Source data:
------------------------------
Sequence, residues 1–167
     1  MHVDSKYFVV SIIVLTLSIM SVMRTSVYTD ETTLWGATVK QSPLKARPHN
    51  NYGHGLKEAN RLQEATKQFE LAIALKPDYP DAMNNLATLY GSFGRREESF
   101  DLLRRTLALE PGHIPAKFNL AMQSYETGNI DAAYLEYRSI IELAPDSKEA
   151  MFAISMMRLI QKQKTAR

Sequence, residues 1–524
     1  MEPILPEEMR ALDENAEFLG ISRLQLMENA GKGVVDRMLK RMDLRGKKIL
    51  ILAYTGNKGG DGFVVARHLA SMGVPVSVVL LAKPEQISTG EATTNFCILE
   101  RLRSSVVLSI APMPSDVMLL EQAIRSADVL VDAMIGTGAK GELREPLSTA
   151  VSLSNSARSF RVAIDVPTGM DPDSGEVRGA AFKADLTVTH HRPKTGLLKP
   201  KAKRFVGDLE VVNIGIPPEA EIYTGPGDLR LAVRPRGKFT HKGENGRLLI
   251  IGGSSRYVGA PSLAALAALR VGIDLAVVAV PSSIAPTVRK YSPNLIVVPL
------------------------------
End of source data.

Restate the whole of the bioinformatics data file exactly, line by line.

Sequence, residues 1–167
     1  MHVDSKYFVV SIIVLTLSIM SVMRTSVYTD ETTLWGATVK QSPLKARPHN
    51  NYGHGLKEAN RLQEATKQFE LAIALKPDYP DAMNNLATLY GSFGRREESF
   101  DLLRRTLALE PGHIPAKFNL AMQSYETGNI DAAYLEYRSI IELAPDSKEA
   151  MFAISMMRLI QKQKTAR

Sequence, residues 1–524
     1  MEPILPEEMR ALDENAEFLG ISRLQLMENA GKGVVDRMLK RMDLRGKKIL
    51  ILAYTGNKGG DGFVVARHLA SMGVPVSVVL LAKPEQISTG EATTNFCILE
   101  RLRSSVVLSI APMPSDVMLL EQAIRSADVL VDAMIGTGAK GELREPLSTA
   151  VSLSNSARSF RVAIDVPTGM DPDSGEVRGA AFKADLTVTH HRPKTGLLKP
   201  KAKRFVGDLE VVNIGIPPEA EIYTGPGDLR LAVRPRGKFT HKGENGRLLI
   251  IGGSSRYVGA PSLAALAALR VGIDLAVVAV PSSIAPTVRK YSPNLIVVPL